Why Google REALLY Doesn’t Need Alphabet.com
Unless you have been living under a rock for the past few weeks (and if you were living under a rock, I would imagine Internet is hard to come by there), you already know about Alphabet, Google’s new parent company.
Shortly after the new launch, reports are that consumers went flocking to Alphabet.com to read learn more about the umbrella company, and they were met with a BMW owned Fleet Service, ironically named, Alphabet.
Commence widespread panic, Google bashing, domain squatters, and the like throwing around opinions on how short-sided the name choice was, and how could they imagine choosing this name without buying the .com TLD first, let alone the Twitter handle…. The HORROR!!
Why Alphabet.com doesn’t matter:
The truth is that owning Alphabet.com doesn’t matter to Google, as the .com real estate grab is just the dated and arcaic type of thinking that Larry dispells in the announcing blog post/press release.
“We’ve long believed that over time companies tend to get comfortable doing the same thing, just making incremental changes. But in the technology industry, where revolutionary ideas drive the next big growth areas, you need to be a bit uncomfortable to stay relevant.” — Page
The expansion of gTLDs has been widespread as you can now purchase .cool, .ninja, .io, .pub,and a countless number of other iterations, including the now famous .xyz, in which Google chose to give Alphabet its home on the web.
In late 2014, Google entered the game and launched nic.google, which redirected to their gTLD registry page. Subsequently, Google is now in the business of selling gTLDs and with that being said, why wouldn’t they look to make a splash on a gTLD that is NOT .com? What better way to move forward from the fossilized thinking of the .com movement, then to ignore that gTLD altogether.
Product launches are in Google’s DNA. From wickedly unsuccessful launches (G+, Wave, Orkut, etc.) to a myriad of tremendously successful launches (Hangouts), Google routinely gets product launches right. So now that they are creating a NEW PARENT COMPANY, who will own the entire mothership, which allows them to fund projects to make self driving cars, now is the time they will be so short-sided that they overlook the need to buy Alphabet.com? We would be naive to think that the senior leaders are Google/Alphabet didn’t think of the unavailability of Alphabet.com when they were kicking around names internally. We would be EXTREMELY naive, given the fact they ummm SELL gTLDs and knew that BMW had it for some time. Conversations would have been had with BMW and Alphabet would have known that the .com property wouldn’t be available.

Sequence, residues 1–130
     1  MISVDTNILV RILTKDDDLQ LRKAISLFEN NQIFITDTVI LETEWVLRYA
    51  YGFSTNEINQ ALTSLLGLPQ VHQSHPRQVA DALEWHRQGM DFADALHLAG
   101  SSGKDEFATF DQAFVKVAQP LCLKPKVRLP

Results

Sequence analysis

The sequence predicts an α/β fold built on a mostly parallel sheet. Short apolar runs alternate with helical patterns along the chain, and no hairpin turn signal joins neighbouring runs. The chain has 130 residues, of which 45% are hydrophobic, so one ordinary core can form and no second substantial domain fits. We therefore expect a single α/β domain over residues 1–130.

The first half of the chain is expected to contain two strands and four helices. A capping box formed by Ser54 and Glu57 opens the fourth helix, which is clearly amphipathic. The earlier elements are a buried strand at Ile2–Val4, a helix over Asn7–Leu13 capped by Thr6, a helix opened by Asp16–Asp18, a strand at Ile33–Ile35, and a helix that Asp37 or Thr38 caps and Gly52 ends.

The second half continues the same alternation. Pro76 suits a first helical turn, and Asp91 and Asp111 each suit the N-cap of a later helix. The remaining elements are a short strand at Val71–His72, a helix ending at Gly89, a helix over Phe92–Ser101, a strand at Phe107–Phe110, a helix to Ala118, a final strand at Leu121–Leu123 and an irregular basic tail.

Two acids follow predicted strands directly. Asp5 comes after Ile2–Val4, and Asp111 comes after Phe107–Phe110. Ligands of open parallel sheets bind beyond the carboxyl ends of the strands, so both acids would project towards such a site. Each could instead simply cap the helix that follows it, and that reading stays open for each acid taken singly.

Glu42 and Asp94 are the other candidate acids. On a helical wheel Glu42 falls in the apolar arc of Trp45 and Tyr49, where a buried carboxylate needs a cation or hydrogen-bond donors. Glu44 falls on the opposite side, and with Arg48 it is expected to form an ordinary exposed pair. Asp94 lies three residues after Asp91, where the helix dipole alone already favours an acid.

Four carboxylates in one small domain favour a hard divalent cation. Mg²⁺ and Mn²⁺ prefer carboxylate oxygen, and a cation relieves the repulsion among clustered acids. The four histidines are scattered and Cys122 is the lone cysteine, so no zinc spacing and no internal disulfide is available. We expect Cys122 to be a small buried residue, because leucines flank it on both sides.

The Dissolving of gTLD Importance:
The perceived allure of .com has eroded. Gone are the days that if you owned a .com for a prominent brand, that you could sell it for thousands and retire to Fiji. Google themselves has already made public that they treat all gTLDs the same (except for the .gov and other handpicked, coveted TLDs, even though they won’t admit that), so the necessity to purchase the .com for some sort of real estate buying endeavor, is short-sided and dated thinking.
The Branded Organic Search Effect:
Another reason why the .com and other gTLDs lack importance in today’s search landscape is the increased instance of branded organic searches. I have the luxury of reviewing over 80 different Analytics and Search Console data each month, and if you see data like I see data, you see a relatively large influx of branded searches contributing organic traffic. Additionally, use a tool like SEMrush or SPYfu and you will see these are some of the strongest organic traffic drivers for many sites. Consumers aren’t really that interested in whether you are a .com, .net, .eat, .foo, or whatever you want. They understand your brand and look to connect with you there.
The Voice Search Effect:
Voice Search adds a whole other factor to the erosion of gTLD importance. When a consumer utters the words “OK, Google” or summons Siri, they perform a search or request information which goes directly to the default search engine, NOT to a specific webpage. Cell phone manufacturers and operating systems are making it easier to search from anywhere on the phone, and it ends up being significantly easier to just search for the website you are seeking, vs. actually opening your mobile browser, and typing in the URL address (cross your fingers you do not make a keystroke error or you could end up at a sketchy site).
The Future Homes of Alphabet:
I will admit that my initial thought was that Alphabet will launch Alphabet.Google as an homage to their roots, as well as a showcase of their shiny new brand gTLD, but I think that is too obvious. I also do not feel that .xyz is the future either, despite the countless domain squatters scooping up every iteration they can think of. Again, we take Google for absolute amateurs if we think they haven’t already had the internal discussions about what gTLD properties they need to own, BEFORE they announce this.
We also seem to forget that Google paid upwards of $25 million to own the entire .app universe and with the unpacking of Google+ into many parts, and the deconsolidation of ‘super apps’ capable of handling many functions, and the .app landscape appears to be a fruitful investment.
The fact the media was so critical on the fact that Google didn’t have the ‘foresight’ to scoop up the .com property for their new venture is a dated mindset. Perhaps Google chose the name Alphabet ON PURPOSE, with the intent to dispel the myths about how it is .com or bust. Perhaps this was a deliberate move to introduce their bevy of new gTLDs, or perhaps some other methodology is in place. We just need to move past the point of .com being the holy grail of TLDs, and embrace the likes of thatsdelicious.coffee, and numberone.dad.